FUTURE OF DIGITAL ASSETS

Bitcoin, Ethereum & Tether are leading the Crypto charge

Cryptocurrency prices have been on the rise for the past few weeks. The march higher has been led by Bitcoin (BTC), the premier digital coin. Any significant price movement in BTC usually shapes the whole crypto market as it accounts for about 60% of the market cap of all the digital assets. It has actually been 12 weeks since the bitcoin price has been above $10k — longer than the 11 week period above $10k — from late Jun. to late Sep. 2019, and one week away from the 13 weeks, where the price was above $10k during the late 2017 bull market.

This year, Bitcoin has assumed a higher correlation with the U.S stocks ever since the pandemic lockdown ensued, earlier in March. Although this means that the digital asset has started to behave more like a mainstream financial asset, for the proponents of it being a store of value and hedge against risk were left stranded. However, the most recent decline in stocks was not accompanied by a similar move in Bitcoin — pointing to signs of decoupling of the months-long relationship.

The lilac line in the chart below marks periods when the S&P 500 is down but Bitcoin is up and it just spiked (Figure 1). Still too early to say whether the stocks will continue to fall as BTC rises, but the move highlights the fact that the digital asset can certainly act as a hedge against risk, similar to what gold does when Equities fall. At the time of publishing, BTC is trading just shy of $12,000.

Figure 1

2020 has seen cryptos develop specific use cases. The top 3 cryptos — namely Bitcoin, Ethereum & Tether have certainly shown that, helping move the digital assets out of the purely speculative category to asset-specific use cases. This would mean less correlation among each other in the future, with investors having digital assets in their portfolios having to actively manage them.

  • Bitcoin (BTC) — pioneer crypto acting as a digital store of value for hedging against risk & offering price volatility for active traders.
  • Tether (USDT) — a premier stable coin that also stores the value sans the price volatility since it is pegged to the US dollar.
  • Ethereum (ETH) — the first smart contract platform which has lately been used primarily in DeFi (decentralized finance), rather than being held as a passive investment.

BTC & ETH Inflows to Exchanges

Figure 2 — Chainalysis Market Intel

According to the Chainlysis Market Intel, investors are not sending large amounts of bitcoin and Ethereum to exchanges. For Bitcoin, 7-day average inflows are 19% lower than the 90-day average, while for Ethereum they are 36% lower. The fall is greater for Ethereum as it is diverting from centralized exchanges to DeFi. In simpler words, Bitcoin is being stored more than it is traded and a larger number of Ethereum is being locked up in DeFi assets.

The following three charts highlight the changes in liquidity since mid-March for Bitcoin, Tether & Ethereum respectively. They show the change in illiquid or liquid assets held in wallets by the average age of the wallet. This combination of liquidity and wallet age provides better insights into the behavior driving these changes. These moves are even more meaningful considering the change in dynamics that have occurred since the onset of the pandemic.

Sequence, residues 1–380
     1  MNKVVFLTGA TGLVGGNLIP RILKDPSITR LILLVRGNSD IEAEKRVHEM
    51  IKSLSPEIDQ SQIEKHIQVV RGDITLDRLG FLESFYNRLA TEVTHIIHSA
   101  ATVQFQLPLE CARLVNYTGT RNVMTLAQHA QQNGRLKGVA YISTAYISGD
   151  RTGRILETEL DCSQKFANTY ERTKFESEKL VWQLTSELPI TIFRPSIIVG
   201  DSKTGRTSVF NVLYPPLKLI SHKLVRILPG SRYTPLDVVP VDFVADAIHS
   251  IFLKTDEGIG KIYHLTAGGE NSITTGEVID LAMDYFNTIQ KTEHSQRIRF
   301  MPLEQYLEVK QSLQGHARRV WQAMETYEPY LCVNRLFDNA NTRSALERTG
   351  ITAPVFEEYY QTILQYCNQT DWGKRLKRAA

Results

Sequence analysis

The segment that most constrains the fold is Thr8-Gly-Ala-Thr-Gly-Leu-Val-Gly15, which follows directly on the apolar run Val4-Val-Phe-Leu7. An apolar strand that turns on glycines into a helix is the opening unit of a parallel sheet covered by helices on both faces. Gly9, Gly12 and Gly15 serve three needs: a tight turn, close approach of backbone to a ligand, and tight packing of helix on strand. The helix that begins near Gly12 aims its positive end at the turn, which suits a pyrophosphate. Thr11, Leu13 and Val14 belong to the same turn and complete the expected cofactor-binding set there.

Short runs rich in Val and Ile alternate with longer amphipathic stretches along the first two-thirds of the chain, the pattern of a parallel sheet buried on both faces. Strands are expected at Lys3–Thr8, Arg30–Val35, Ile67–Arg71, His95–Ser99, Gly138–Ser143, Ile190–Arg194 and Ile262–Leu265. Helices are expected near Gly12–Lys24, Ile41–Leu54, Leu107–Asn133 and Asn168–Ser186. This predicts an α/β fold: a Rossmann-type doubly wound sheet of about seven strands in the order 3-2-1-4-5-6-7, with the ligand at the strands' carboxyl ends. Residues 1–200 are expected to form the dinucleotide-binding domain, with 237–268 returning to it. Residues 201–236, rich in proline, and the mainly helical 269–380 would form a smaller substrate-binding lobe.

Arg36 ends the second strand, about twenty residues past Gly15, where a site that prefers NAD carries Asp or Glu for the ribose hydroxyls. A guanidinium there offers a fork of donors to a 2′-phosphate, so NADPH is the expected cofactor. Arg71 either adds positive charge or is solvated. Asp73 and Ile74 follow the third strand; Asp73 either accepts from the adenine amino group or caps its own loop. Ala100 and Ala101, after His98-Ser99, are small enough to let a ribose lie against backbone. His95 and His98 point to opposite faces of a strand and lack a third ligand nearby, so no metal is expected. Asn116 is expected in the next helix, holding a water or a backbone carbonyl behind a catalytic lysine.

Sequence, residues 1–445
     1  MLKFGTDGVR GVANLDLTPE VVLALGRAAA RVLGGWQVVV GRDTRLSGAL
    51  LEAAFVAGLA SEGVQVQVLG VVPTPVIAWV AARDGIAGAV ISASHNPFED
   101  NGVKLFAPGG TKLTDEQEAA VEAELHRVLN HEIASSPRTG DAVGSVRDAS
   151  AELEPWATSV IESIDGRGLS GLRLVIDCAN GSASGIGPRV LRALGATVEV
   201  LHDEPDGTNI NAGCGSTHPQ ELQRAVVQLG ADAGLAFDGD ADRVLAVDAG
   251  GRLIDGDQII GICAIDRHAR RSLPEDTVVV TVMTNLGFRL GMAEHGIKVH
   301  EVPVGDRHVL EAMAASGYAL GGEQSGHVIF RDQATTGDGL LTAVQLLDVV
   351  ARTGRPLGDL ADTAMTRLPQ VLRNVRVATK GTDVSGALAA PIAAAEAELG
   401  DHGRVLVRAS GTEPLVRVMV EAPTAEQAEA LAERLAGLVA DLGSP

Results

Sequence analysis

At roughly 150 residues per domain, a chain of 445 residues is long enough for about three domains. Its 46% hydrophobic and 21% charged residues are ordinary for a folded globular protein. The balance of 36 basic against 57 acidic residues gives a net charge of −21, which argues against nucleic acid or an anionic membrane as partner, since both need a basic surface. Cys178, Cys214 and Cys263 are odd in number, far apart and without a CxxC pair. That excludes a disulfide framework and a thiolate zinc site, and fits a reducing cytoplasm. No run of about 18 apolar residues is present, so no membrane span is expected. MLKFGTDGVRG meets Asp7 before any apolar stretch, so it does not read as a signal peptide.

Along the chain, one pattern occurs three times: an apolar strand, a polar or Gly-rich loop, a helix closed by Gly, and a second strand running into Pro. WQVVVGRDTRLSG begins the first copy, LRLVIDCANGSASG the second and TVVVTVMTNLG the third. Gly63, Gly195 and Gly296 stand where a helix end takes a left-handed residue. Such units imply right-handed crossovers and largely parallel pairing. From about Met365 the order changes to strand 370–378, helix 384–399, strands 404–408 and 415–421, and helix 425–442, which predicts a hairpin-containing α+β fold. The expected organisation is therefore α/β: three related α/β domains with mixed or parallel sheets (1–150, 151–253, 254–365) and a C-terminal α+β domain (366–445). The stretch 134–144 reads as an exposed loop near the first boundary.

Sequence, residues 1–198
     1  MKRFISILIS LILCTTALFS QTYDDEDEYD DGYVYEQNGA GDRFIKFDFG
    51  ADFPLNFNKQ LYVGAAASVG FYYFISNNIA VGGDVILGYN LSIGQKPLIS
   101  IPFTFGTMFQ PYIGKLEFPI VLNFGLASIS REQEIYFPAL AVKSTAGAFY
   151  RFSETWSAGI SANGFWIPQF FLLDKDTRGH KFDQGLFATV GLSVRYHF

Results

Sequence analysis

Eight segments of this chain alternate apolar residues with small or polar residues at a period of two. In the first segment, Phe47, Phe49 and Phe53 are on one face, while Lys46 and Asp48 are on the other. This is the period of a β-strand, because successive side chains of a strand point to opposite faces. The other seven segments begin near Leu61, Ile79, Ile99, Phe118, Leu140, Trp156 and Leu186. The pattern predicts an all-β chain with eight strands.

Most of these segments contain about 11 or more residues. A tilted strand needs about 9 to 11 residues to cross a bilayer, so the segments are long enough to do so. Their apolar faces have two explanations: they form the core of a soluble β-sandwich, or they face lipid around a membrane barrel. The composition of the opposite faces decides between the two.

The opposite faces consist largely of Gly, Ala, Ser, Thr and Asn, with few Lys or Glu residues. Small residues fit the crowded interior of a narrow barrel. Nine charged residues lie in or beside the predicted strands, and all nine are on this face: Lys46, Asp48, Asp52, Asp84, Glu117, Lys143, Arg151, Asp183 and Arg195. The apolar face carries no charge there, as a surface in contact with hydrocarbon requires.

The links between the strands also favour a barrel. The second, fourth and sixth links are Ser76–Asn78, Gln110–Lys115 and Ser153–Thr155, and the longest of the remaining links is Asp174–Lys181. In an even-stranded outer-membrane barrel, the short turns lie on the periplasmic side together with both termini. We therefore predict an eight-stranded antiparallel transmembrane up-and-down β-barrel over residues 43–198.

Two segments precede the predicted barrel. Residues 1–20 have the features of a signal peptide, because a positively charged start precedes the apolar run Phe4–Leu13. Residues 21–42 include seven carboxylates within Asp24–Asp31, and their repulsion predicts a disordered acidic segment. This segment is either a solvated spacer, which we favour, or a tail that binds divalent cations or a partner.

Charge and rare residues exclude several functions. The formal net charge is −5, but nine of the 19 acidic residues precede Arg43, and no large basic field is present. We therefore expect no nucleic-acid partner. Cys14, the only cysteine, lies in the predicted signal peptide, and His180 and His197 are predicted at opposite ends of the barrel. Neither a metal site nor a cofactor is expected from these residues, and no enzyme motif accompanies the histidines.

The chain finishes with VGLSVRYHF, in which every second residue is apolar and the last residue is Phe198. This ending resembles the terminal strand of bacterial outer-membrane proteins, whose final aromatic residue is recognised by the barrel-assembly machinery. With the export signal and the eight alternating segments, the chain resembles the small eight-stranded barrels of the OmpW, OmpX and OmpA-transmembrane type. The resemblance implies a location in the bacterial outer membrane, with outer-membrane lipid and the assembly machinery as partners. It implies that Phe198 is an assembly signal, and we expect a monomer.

Bitcoin

Figure 3

Almost half of the 1.1 million Bitcoin (or 2.7% of the supply) has become illiquid since mid-March — held in wallets that are 1 to 6 months old. Liquid bitcoin is also the greatest in the same time frame wallets. More importantly, it signifies that there has been a large number of new entrants in the market. The highest number of illiquid bitcoin continues to reside in wallets aged over 24 months (Figure 3).

Of the new 1.1 million illiquid bitcoin, 726,000 was previously in liquid wallets of 1 to 6 months old. This significant drain of liquidity from the digital market has caused the price to stay at elevated levels — above the psychological level of $10k.

Tether

Figure 4

Tether has followed the same path as Bitcoin since mid-March in an even more magnified way. 3.6 billion Tether (or 31% of supply) has become illiquid since that date (Figure 4). The highest number resides in wallets which are 1–6 months old followed by completely new wallets. Although 55% of Tether is still liquid and is not typically held for long — since it is widely used as an exchange token on crypto exchanges, such a large amount of Tether becoming illiquid signifies that it is taking up an additional role as a store of value as people move to digital dollars.

Ethereum

Figure 5

The second-biggest crypto has experienced the opposite dynamic to Bitcoin and Tether, with 8.2 million Ethereum (or 7.3% of supply) becoming liquid and held for less than one month since mid-March (Figure 5). Part of this shift to liquid, young Ethereum is attributed to decentralized exchanges that process trades by moving Ethereum on the blockchain, making Ethereum liquid and young.

However, the bigger reason is the explosive growth of DeFi that we have seen this year — which encourages people to move their Ethereum as they chase yield on their ETH-based assets. The total value locked in such assets stood at $11.27 billion at the time of writing. The flourishing DeFi market has also caused Ethereum to become increasingly valuable relative to Bitcoin since mid-July.

It is good to see cryptocurrencies developing individual use cases. Critics certainly have their work cut out.

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